I got a nice email from Scott Jenson, Director of Issues Communication, American Chemistry Council, providing me with a copy of the press release about their CFATS Alternative Security Program. Reader’s will remember my detailed review of this template for submitting the information necessary for ISCD to evaluate a facility site security plan.
I’ve been a little disappointed that ACC hasn’t been a more proactive in publicizing this outstanding tool. Reading this press release it is clear to see why Scott and his people have held off. In the press release there is a link to a very kind letter from David Wulf, Director, Infrastructure Security Compliance Division, essentially endorsing the ACC ASP. David says, in part:
“Thank you especially for ACC's efforts to help high - risk chemical facilities meet the CFATS requirements through the development of the ACC Alternative Security Program ( ASP) Guidelines and Template . We commend your decision to make these documents available to all facilities regulated under CFATS for potential consideration and reference in the development of other ASPs.”
There is no date on the Wulf letter, but I’m assuming that as soon as ACC had this letter in hand, they started immediate work on this press release. This is a very valuable endorsement. I would like to join David in commending ACC for sharing this tool with the whole of the regulated community, not just their member organizations.
BTW: It would be nice to see some mention of this ASP somewhere on the DHS Chemical Security web page. A mention of the ACC ASP with a link to the document would make it easier for non-ACC members to avail themselves of this tool.
ISCD Promises Better SSP Performance
David takes the opportunity in this letter to address the continued slow pace of SSP approvals. He notes that ISCD has streamlined the authorizing and approval process and then reports that ISCD has set “set a goal of 400 approvals [emphasis added] by the end of 2013”. This would be a truly remarkable accomplishment since the last official number that I had seen on approvals was that only 2 had been completed. Even at this rate they will only have about 1/3 of the SSPs approved before they have to go back and start re-evaluating SSPs that were previously approved.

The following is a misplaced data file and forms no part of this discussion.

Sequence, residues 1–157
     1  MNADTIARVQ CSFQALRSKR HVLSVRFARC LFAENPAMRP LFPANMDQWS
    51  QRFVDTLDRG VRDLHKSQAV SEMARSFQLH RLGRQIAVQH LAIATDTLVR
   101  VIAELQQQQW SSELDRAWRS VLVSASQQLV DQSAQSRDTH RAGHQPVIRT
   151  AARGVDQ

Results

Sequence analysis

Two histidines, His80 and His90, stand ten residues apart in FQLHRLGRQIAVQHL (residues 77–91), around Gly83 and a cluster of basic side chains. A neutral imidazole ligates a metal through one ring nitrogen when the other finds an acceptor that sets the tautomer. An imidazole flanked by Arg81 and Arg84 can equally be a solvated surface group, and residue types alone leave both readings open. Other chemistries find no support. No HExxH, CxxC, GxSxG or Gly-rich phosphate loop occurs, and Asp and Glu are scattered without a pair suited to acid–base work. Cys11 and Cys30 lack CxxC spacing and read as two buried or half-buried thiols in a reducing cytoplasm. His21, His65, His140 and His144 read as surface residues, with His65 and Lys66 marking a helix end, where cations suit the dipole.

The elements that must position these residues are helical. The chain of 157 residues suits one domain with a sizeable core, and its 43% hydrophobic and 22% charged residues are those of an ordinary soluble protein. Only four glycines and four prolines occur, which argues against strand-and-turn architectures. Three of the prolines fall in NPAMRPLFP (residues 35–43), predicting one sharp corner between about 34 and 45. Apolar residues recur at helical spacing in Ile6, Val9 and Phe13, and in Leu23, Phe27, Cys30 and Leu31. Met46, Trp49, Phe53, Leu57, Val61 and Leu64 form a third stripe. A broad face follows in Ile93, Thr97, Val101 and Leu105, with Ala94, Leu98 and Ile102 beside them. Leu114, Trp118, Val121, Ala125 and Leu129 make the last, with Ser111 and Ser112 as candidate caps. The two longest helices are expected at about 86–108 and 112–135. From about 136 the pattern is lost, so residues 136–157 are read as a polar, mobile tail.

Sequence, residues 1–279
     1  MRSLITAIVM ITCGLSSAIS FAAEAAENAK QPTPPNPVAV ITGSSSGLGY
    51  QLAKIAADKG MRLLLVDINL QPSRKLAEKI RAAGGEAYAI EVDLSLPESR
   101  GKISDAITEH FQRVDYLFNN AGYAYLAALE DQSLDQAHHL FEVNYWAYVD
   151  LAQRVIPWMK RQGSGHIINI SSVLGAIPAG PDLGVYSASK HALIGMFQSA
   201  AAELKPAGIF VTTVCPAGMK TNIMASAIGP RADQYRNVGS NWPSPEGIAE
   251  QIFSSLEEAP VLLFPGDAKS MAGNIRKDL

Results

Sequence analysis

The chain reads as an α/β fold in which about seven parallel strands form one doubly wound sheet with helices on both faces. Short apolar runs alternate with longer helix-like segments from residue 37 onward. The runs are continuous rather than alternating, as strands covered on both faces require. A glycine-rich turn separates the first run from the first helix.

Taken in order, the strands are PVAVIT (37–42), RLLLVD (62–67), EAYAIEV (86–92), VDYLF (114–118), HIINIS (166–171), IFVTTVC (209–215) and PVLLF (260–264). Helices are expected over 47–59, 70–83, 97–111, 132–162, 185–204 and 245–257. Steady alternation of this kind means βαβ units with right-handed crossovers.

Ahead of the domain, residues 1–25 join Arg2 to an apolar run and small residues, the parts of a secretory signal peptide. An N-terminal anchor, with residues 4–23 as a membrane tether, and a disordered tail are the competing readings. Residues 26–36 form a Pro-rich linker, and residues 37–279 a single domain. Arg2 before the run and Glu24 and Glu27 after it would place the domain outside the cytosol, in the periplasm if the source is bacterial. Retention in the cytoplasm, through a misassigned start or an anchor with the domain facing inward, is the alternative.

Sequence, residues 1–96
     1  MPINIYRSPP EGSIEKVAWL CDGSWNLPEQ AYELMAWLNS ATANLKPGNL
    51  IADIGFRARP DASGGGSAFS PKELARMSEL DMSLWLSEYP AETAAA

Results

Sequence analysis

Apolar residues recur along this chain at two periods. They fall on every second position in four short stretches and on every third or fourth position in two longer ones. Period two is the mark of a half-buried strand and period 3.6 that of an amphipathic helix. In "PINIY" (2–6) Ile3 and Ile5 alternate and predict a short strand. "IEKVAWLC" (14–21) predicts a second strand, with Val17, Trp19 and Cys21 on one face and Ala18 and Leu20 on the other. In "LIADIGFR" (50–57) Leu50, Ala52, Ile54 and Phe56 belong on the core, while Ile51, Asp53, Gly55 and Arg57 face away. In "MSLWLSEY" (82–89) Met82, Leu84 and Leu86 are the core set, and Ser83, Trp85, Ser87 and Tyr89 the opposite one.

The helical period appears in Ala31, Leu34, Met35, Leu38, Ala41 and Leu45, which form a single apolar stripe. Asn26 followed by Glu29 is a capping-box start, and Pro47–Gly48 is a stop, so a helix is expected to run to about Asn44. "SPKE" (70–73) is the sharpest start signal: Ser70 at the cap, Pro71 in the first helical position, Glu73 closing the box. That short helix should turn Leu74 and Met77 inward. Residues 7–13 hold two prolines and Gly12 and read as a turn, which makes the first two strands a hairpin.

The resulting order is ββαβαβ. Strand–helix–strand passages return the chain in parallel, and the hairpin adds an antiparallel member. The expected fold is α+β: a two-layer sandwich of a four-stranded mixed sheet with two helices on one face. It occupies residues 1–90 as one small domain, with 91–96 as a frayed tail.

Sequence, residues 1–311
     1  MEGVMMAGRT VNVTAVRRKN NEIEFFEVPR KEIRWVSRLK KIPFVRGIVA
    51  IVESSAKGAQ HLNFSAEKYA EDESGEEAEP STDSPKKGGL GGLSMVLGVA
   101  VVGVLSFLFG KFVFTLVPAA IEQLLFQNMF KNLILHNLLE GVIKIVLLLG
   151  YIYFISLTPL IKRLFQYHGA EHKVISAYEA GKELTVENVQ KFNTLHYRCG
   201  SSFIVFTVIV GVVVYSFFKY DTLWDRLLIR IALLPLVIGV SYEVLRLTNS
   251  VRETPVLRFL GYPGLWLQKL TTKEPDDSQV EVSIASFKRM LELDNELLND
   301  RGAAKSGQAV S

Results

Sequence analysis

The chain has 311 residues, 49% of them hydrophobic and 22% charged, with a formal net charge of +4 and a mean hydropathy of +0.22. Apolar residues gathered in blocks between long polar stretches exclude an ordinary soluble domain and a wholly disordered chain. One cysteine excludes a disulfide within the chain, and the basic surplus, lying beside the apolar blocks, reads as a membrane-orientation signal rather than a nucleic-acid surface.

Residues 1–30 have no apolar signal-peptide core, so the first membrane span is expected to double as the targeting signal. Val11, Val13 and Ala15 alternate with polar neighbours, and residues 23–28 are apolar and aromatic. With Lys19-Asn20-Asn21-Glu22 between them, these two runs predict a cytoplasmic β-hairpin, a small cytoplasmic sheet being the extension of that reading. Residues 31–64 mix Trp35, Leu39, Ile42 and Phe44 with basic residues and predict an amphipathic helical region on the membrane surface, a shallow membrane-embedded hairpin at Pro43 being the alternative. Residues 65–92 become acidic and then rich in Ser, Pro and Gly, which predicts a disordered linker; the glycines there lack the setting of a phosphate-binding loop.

Actually, ISCD has not approved any SSPs yet. They have only given provisional approvals because facilities can still not comply with the Terrorist Screening Database vetting requirements of Risk-Based Performance Standard 12. Metric 12.4 for all four Tier levels states that:
“Processes are in place to provide DHS with the necessary information to allow DHS to screen individuals (e.g., employees, contractors, unescorted visitors) who have access to restricted areas or critical assets against the TSDB.”
Since ISCD has not yet even published their proposed procedures for this vetting process, facilities are not able to comply with this requirement. ISCD is over four months late (based upon a promise made by Undersecretary Beers in testimony to a Congressional Committee) in the publication of the 60-day information collection request (ICR) in the Federal Register. If this were to be published today it would still be nearly the end of the year (best case) before final OMB approval could be given to begin the collection of the information necessary for this vetting.
So it will be nearly impossible for ISCD to achieve their goal of 400 approvals by the end of the year. I’m all for setting high goals David, but they must be achievable.